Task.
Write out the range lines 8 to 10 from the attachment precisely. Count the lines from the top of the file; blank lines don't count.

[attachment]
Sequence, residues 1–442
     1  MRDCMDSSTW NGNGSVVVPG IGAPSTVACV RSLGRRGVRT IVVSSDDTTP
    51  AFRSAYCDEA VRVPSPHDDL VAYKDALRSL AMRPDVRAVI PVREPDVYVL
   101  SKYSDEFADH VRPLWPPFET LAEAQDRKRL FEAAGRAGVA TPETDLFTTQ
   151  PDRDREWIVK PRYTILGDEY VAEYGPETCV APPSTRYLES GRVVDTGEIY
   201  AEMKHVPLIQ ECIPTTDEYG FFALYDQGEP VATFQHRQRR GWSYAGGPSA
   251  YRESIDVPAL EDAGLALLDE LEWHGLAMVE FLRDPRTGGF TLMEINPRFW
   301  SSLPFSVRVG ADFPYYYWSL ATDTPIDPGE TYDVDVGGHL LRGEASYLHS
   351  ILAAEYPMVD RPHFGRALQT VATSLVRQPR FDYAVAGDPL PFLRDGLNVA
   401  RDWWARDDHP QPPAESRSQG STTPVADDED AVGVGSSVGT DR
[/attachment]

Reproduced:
   301  SSLPFSVRVG ADFPYYYWSL ATDTPIDPGE TYDVDVGGHL LRGEASYLHS
   351  ILAAEYPMVD RPHFGRALQT VATSLVRQPR FDYAVAGDPL PFLRDGLNVA
   401  RDWWARDDHP QPPAESRSQG STTPVADDED AVGVGSSVGT DR